However, for those seeking hemp-derived CBD products containing less than .3% THC, there are plenty of options inside the state of Tennessee. In some larger cities such as Memphis and Nashville, there are shops that sell CBD products, including oils, tinctures, infused products, and topicals. Ordering CBD products online is always an option, as well, as there are many CBD companies that offer online ordering and shipping. However, it is important to do research to find a reputable company that sells high-quality products that have been tested for pesticides and potency, and that offer a lab report for all of the products available.
Although CBD derived from hemp contains little to no THC and therefore, has no intoxicating effects, under the 1970 Federal Controlled Substances Act, all types of cannabis, including hemp, were considered to be illegal. That piece of legislation considered all types of the cannabis sativa plant, including both cannabis and hemp, to be illegal as a Schedule I controlled substance, which defined cannabis as a substance with a high potential for abuse, with no medicinal benefits, and a likelihood for addiction.
Thus, even hemp-derived CBD remains heavily regulated by the federal government. The Hemp Farming Act of 2018 also allows each state to make their own rules and regulations regarding the sale and distribution of hemp-derived CBD products, and state jurisdictions retain the right to restrict or prohibit the cultivation and commerce of hemp products. In addition, states may attempt to regulate food, beverages, dietary supplements, and cosmetic products containing hemp CBD, regardless of the final rules laid out by the FDA.
Unfortunately, medical CBD patients seeking products with a higher THC percentage will have to travel to other states to find these products.
Cannabidiol (CBD) is a non-intoxicating cannabinoid found in both cannabis and hemp plants. After tetrahydrocannabinol (THC), it is the most abundant compound found in cannabis plants, although CBD derived from hemp usually only contains trace amounts of THC, less than 0.3% by legal definition. CBD is known to have many potential therapeutic benefits, including anti-inflammatory, analgesic, anti-anxiety, and seizure-suppressing properties.
The possession of marijuana containing a higher amount of THC is considered illegal. However, both Nashville and Memphis have succeeded in decriminalizing the possession of small amounts of marijuana, treating it like a traffic ticket with a fine of $50, which may be waived by the court if the individual completes community service.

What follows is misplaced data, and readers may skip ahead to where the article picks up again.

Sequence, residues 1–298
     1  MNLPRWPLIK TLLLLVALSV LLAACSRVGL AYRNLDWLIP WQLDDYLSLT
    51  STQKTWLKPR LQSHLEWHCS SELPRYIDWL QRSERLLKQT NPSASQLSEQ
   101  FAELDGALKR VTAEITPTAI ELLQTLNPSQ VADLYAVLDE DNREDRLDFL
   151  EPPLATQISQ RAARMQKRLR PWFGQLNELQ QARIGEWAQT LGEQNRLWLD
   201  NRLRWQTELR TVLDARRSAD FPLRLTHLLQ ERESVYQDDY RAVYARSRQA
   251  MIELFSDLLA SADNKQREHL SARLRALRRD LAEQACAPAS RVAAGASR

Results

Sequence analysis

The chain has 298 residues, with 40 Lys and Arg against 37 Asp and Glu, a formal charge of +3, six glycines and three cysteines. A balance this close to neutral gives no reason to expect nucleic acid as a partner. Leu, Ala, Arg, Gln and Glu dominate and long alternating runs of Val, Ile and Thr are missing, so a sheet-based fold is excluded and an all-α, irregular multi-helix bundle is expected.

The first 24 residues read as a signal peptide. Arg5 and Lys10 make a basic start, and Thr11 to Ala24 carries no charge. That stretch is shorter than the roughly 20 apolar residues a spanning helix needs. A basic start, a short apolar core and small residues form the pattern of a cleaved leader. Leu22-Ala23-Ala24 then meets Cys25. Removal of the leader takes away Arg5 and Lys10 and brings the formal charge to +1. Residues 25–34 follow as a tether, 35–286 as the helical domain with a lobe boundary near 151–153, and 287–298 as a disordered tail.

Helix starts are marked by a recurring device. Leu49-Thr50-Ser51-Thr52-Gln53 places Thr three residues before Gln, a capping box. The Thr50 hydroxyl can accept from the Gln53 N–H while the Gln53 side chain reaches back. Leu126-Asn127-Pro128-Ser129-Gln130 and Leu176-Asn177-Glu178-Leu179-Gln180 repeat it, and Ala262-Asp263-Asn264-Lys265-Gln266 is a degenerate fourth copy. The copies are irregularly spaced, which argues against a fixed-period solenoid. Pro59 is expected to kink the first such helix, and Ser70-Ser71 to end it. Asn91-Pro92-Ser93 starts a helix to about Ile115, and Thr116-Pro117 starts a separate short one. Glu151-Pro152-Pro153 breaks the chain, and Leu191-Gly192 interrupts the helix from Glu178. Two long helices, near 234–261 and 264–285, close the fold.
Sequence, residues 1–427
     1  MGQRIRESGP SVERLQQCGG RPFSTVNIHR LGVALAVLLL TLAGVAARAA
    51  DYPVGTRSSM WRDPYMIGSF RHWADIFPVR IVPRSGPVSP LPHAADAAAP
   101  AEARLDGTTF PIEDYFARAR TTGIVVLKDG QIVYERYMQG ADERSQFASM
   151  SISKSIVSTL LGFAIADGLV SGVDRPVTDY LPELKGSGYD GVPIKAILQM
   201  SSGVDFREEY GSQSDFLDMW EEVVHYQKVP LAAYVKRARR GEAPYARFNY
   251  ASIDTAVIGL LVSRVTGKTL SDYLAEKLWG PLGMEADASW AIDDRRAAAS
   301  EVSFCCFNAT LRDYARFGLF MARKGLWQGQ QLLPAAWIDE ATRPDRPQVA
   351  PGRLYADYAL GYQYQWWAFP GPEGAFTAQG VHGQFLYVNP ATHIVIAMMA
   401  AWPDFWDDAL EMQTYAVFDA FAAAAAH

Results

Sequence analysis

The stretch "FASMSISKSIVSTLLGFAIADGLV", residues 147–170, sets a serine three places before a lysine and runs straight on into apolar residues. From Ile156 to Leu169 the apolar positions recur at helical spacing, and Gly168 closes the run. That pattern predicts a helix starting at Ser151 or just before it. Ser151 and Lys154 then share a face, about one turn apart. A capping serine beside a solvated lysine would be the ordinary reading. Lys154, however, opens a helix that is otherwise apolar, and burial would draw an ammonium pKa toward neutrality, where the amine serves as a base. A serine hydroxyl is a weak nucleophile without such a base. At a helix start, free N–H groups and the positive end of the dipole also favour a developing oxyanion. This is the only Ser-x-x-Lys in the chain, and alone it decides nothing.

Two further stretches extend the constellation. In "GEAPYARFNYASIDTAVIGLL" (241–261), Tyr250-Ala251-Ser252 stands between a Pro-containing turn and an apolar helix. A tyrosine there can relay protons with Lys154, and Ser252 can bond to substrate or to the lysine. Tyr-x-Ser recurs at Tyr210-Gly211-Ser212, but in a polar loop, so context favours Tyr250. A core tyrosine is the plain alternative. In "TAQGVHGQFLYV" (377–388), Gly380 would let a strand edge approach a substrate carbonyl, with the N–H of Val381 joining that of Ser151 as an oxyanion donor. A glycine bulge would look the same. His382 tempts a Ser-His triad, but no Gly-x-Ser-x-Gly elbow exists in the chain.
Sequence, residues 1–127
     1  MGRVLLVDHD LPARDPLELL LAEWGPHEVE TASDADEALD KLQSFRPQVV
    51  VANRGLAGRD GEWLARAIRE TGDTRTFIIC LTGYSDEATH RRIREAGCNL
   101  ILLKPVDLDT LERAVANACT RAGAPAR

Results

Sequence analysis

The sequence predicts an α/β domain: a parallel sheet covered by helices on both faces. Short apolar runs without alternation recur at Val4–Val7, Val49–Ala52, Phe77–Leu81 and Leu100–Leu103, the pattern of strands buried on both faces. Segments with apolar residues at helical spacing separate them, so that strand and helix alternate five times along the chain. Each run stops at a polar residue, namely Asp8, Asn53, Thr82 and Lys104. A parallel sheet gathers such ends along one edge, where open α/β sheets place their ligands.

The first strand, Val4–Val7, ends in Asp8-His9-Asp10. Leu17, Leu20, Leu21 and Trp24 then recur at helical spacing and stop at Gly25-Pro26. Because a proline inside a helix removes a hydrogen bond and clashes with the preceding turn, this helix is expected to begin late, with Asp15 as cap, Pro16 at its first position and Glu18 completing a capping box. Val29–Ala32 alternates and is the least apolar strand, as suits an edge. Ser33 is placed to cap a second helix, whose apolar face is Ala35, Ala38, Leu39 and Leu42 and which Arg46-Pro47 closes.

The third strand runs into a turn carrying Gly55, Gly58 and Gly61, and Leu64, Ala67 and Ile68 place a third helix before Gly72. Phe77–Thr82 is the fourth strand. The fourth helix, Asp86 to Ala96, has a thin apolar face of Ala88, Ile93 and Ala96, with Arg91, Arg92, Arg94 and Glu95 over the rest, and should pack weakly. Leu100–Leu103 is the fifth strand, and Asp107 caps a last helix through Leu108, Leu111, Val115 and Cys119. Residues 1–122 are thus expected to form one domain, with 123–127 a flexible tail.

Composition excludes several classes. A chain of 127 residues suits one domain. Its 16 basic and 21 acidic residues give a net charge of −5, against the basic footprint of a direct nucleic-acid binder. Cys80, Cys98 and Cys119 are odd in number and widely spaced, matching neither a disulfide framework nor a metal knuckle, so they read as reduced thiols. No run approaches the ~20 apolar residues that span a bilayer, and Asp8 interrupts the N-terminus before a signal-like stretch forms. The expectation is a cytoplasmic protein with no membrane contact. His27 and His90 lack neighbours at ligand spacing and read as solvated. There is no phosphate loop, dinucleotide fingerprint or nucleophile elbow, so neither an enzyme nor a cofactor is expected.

The Hemp Farming Act of 2018 legalized the cultivation of hemp, and altered the definition of hemp to create a separate, legal pathway for hemp to be removed from the Schedule I category and differentiate from cannabis in the legal definition. Hemp is cannabis that contains less than .3% THC by weight and marijuana is cannabis that contains more than .3% THC. Hemp-derived CBD was declassified from the Controlled Substances Act by the Hemp Farming Act of 2018, but CBD derived from the marijuana plant is still considered illegal at a federal level and is categorized as a Schedule I controlled substance. A helpful explainer is available on the Brookings Institute website.
The Agricultural Act of 2014 made the cultivation of hemp legal on an experimental basis.
However, for patients seeking medical cannabis products that have a much higher acceptable THC content, they will need to do their purchases in other states. Buying CBD products online is the most convenient way of buying CBD products. There are many companies that provide online ordering and shipping. But it is essential to do your homework and find a reputable company that offers high-quality CBD products such as Tanasi.com
Federal Laws Regarding Hemp and CBD
In 2016, Senate Bill 2125 was signed into law. This bill made amendments to the section regarding university research. It permitted the research of CBD-rich cannabis oil containing less than 0.6% THC. The bill excluded cannabis oil with less than 0.6% THC from the definition of marijuana.
There was no legal difference between marijuana, hemp, and all other varieties of the cannabis plant. They were all categorized as Schedule 1 drugs. According to the law, Schedule 1 drugs are substances or chemicals that have little to no accepted medical value and have a high potential for abuse.
In the United States, hemp was legal in the 18th and 19th centuries. However, it was banned in the 20th century and has returned as a legal agricultural crop in the 21st century.